[IPAC-List] scoring multiple answer questions

Doverspike,Dennis dd1 at uakron.edu
Mon Mar 21 16:24:23 EDT 2011


Given this is a knowledge test, there are a lot of issues. Not that other people do not use similar type of scoring, but what is a "right" or a "wrong" answer? Are some answers then more "right" than others? What is a "correct" answer? How are the instructions worded - I am assuming it is something of the nature of check all of the possible right or plausible answers?

What is wrong with losing more points than you earn? What is wrong with a simple - one point for every selected right answer and one point off for every selected wrong answer? Just add enough points to the total to get no below zero scores.

Another approach would be to just treat this as a series of True-False items. Which in a sense it is. So, just have people pick Right or Wrong for every single alternative. Give one point for every correct answer - whether it is a right or a wrong. In a sense this is the most honest, because you basically have a series of T-F items.

All of the above assumes you do not want to give less than 1 point (for example .50) for some right or wrong answers.


From: ipac-list-bounces at ipacweb.org [ipac-list-bounces at ipacweb.org] On Behalf Of Megan Paul [mpaul2 at unlserve.unl.edu]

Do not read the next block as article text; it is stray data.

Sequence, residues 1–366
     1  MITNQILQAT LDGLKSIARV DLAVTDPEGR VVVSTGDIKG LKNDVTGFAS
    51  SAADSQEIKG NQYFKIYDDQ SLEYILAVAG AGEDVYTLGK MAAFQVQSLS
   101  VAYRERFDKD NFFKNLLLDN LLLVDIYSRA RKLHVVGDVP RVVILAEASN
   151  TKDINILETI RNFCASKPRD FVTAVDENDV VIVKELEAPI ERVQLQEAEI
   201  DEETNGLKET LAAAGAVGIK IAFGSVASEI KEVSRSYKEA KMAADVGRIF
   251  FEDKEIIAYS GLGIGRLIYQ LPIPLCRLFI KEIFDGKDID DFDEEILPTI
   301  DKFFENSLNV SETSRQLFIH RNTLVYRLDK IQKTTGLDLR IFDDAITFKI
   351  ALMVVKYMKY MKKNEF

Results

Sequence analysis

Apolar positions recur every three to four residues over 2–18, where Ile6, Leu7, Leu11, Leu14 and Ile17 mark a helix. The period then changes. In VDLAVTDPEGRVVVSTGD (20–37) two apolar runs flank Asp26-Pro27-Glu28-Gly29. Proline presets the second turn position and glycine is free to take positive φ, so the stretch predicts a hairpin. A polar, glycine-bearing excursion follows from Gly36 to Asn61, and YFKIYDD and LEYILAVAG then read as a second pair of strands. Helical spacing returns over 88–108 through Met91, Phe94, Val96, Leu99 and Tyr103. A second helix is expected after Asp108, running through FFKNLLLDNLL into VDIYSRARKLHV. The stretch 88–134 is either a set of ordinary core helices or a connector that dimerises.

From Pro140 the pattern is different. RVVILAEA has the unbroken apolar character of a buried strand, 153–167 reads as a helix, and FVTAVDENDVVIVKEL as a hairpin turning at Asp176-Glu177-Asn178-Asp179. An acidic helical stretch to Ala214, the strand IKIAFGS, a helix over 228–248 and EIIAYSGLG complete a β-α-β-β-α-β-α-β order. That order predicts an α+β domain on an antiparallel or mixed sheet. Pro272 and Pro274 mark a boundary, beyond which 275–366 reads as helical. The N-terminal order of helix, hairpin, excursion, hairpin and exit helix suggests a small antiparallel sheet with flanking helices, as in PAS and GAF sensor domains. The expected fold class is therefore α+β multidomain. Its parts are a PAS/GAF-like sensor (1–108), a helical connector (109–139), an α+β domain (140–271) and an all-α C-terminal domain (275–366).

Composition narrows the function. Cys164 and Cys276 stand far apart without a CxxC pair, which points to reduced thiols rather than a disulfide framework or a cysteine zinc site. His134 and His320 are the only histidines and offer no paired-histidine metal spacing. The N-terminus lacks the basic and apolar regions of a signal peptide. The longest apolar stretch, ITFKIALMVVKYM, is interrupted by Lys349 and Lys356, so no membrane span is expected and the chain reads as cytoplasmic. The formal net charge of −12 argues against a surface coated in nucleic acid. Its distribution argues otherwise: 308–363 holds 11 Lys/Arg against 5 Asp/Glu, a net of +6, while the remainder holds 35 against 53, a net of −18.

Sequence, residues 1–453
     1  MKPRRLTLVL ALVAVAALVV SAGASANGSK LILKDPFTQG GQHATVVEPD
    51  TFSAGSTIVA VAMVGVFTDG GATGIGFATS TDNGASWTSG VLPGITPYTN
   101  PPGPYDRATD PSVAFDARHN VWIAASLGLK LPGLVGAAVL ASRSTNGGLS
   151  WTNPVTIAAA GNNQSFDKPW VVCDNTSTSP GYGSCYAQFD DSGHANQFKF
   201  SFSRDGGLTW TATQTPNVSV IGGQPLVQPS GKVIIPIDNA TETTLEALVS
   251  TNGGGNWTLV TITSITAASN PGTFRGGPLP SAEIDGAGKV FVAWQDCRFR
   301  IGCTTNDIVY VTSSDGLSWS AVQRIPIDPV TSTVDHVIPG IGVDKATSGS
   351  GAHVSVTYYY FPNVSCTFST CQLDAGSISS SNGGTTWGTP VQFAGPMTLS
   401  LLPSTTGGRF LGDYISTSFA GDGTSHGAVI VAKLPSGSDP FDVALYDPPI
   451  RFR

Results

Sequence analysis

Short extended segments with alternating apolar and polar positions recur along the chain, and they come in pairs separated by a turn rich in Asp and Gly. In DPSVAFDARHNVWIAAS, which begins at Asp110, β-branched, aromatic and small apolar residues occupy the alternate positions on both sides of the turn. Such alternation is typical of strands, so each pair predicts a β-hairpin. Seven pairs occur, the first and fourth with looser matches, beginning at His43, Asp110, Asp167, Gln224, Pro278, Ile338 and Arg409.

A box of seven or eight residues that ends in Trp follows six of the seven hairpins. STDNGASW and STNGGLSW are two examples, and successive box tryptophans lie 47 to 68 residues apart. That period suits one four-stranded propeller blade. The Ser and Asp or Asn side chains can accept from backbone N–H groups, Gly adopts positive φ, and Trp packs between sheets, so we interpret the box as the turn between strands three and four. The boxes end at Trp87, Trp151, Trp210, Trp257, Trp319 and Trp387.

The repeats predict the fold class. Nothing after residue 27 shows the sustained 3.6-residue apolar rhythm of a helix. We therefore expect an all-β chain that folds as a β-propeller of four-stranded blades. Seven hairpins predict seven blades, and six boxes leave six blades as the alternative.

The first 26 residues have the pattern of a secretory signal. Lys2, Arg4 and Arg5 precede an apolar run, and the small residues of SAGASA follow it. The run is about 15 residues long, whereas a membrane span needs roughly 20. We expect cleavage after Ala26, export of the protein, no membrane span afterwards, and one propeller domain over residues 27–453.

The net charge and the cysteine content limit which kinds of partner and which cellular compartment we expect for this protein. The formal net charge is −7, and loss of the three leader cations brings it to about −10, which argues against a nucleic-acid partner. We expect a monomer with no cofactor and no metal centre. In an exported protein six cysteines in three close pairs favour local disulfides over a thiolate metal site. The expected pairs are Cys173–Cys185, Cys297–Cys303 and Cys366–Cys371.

Sent: Monday, March 21, 2011 2:49 PM
To: IPAC-List at ipacweb.org
Subject: [IPAC-List] scoring multiple answer questions

I am reviewing an on-the-job knowledge test developed by a client for
in-house use (a pseudo certification test, I guess you could say). Many
of the items are multiple answer, with the number of right and wrong
answers varying across items. They want to give partial credit for
getting some of the right answers correct. To do that, they'll also need
to penalize for selecting wrong answers (otherwise a test taker need
only select all answers--right or wrong--to get full credit). So...I'm
trying to help them figure out a reasonable way to do this. If the wrong
answers are worth the same points as the right answers (albeit with a
negative value), there are cases where a test taker could lose more
points than they'd earn. The only practice I can think to apply is the
correction for guessing, but I've never used such formulas, and it seems
like it won't be so straightforward, given that a) we're talking about
the possibility of multiple wrong answers for each question and b) the
number of right and wrong answers varies across items (i.e., I can't
arrive at a single formula for the whole test; might have to be a
formula for each item? Is there such a thing?).

Any thoughts?

To be clear, I did not develop this test. I'm just being asked to weigh
in after the fact.

Thanks in advance,

Megan E. Paul, Ph.D.
Research Assistant Professor
University of Nebraska-Lincoln
Center on Children, Families, and the Law
206 S. 13th Street, Suite 1000
Lincoln, NE 68588-0227

(402) 472-9812 Office
(402) 472-8412 Fax

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